The Great Journey in Photography

Sources of Grief & Post Process Relief

Cooper's hawk sitting in a tree

500mm f8 400iso 1/1,000sec

Remember a while back when I wrote about how important backgrounds are? How about a couple of weeks ago, about trying different ways to process photos, or even last week when I wrote about not being able to make a good shot in weeks? Well here is an example of all three rolled up into one image.

I loathed this photograph the moment I took it. It was my safe shot. I don’t often see Hawks perched only a few feet off the deck. In this case about seven feet. There were other noisy people in the area so I knew my time was very limited. One of my greatest peeves is people who scream on a cell phone while on nature trails disturbing everyone and everything in their wake. There will come a day of reckoning for those clowns, but I digress. This was about as close as I could get before the bird retreated to higher elevations. Here is what I really didn’t like about the photo.
Not close enough. I really wanted to half the distance from this shot but I rushed in and made too much noise probably chasing the bird off before I could have worked my way in to the position I really wanted. Had that bird been watching over a recent kill I would have easily made that position.
I was shooting hand-held at 500mm. In thick brush I decided hand-held would be best. I had the shutter speed up at 1/1,000sec but even then it is really hard to get a very sharp image. Remember effective focal length is going to be about 750mm with the 1.5x crop sensor.
Then there is the fact that the subject is not just close to the background, it is in it! As I approached I was circling around to see if there was a vantage point that separated the hawk from many of the branches but no luck, this guy was pretty much in it.

When I saw the photo on the computer I decided I had to do something with it if for no other reason just to document the days events. I thought a B/W conversion could be all right but when I did it the bird was completely lost in the background, then I thought of the technique I never use because I have always heard it was a cliché. I also remembered that when I make people photos it is one of the things I hear requests for, so it can’t be all bad. Anyhow, this is what I did. Now the image has the separation it so desperately needed. Not by distance or depth of field but by contrast of color and black and white. To the viewer’s eye it has the same effect.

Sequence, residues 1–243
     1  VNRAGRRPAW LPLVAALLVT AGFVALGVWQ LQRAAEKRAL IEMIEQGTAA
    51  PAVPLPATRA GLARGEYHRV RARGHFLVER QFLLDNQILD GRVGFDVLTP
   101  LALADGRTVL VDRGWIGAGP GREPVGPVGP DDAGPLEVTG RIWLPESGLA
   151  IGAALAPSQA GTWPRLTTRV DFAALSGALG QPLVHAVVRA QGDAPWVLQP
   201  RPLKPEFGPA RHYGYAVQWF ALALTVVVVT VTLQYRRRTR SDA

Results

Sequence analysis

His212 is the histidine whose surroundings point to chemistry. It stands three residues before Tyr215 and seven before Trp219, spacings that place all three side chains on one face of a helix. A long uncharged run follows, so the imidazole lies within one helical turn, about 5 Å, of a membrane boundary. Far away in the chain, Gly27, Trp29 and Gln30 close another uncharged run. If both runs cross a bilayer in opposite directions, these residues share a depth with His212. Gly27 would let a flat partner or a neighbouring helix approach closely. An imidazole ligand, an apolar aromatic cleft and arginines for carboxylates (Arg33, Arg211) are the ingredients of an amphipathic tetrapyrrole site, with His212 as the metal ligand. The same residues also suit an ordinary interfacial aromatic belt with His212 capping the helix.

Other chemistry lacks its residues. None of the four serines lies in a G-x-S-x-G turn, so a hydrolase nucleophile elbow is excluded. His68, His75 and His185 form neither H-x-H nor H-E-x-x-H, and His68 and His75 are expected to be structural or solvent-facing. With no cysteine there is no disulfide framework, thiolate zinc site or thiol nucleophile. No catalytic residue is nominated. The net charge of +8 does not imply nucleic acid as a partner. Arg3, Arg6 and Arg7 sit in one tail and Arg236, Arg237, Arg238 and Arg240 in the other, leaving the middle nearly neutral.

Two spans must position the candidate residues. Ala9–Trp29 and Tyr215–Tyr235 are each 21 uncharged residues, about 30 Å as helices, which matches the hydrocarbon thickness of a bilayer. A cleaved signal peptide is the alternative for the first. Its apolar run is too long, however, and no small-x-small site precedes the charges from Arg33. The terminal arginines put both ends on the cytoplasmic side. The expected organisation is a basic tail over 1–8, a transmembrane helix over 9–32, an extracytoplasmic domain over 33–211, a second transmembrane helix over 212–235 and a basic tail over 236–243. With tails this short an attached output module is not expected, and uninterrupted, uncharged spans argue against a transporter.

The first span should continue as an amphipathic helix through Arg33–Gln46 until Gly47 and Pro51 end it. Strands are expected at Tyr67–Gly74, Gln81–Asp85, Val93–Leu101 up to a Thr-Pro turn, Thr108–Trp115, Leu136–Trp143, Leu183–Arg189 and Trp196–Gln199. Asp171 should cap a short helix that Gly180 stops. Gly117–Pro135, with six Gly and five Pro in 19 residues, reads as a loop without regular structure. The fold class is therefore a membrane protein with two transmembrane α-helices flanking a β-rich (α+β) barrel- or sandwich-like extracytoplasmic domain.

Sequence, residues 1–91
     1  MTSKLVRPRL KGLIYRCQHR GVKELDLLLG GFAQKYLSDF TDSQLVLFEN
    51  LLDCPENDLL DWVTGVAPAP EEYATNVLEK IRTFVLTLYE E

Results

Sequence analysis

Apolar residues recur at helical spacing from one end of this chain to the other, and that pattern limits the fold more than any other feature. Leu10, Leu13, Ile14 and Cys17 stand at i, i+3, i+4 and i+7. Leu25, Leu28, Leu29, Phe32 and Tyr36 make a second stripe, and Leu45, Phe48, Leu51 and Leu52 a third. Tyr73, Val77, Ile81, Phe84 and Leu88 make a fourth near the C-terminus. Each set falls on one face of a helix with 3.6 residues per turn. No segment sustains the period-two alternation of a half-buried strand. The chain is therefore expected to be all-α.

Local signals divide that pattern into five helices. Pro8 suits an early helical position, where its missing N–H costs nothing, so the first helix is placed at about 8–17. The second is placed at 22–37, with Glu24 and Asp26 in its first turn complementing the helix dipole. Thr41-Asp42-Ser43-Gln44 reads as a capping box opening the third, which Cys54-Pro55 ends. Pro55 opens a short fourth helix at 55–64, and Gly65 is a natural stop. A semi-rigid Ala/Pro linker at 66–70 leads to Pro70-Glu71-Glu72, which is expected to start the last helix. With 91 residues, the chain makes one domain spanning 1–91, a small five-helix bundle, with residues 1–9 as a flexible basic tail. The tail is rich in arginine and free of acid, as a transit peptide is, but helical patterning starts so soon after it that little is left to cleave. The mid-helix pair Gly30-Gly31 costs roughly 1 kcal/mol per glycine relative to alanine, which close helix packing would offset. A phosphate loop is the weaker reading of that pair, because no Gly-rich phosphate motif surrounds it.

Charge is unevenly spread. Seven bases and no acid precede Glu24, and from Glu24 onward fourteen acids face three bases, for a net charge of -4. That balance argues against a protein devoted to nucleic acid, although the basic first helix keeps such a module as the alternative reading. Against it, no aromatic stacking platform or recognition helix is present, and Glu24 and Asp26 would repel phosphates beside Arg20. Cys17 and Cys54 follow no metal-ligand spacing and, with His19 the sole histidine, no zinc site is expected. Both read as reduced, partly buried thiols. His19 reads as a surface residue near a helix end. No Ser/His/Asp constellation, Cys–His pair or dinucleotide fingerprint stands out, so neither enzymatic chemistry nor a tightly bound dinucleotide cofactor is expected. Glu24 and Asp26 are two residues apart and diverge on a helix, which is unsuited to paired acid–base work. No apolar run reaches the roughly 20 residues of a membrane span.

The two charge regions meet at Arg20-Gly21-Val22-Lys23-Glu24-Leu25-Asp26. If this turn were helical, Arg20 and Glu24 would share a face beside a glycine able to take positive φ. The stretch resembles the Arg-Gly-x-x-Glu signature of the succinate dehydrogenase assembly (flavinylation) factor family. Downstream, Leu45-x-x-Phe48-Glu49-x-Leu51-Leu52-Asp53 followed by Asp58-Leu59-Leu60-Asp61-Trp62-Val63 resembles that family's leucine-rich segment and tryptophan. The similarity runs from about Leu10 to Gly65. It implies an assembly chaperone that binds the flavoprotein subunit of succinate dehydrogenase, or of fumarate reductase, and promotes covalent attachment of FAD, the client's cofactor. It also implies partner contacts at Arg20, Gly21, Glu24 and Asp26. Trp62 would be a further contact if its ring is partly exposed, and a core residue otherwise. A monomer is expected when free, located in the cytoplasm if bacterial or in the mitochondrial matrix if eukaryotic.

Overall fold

I did this using NIK Color Effects plugin. Just choose the B/W conversion filter and adjust as you see fit, then add a negative control point to the subject and you are done. Back in Photoshop if you notice any areas of the bird that didn’t get colorized just add a mask to the layer and paint the B/W out. You can also do this just with Photoshop rather easily. Simply make a second layer and convert to Black and White with the method you are most comfortable with, add a layer mask and paint away the areas you need to be in color. I recommend a fairly hard edge brush. In Lightroom it is not as easy but still can be done, just de-saturate an adjustment brush and paint the entire area to lose color being sure to turn on auto mask when you are painting close to the subject.

While this technique may have become a cliché in other genres of photography I will add that I very seldom, if ever, I see it used in bird photography, so don’t feel shy about giving it a try once in a while.

Just as a footnote, one other things I would do to this photograph is clone out the one straight line in the entire frame. See that straight branch to the lower left of the Hawk? It should be gone.

Thanks so much for reading, I hope you find this and all my other tips valuable and until next time have a great day.

www.ronboyddesign.com

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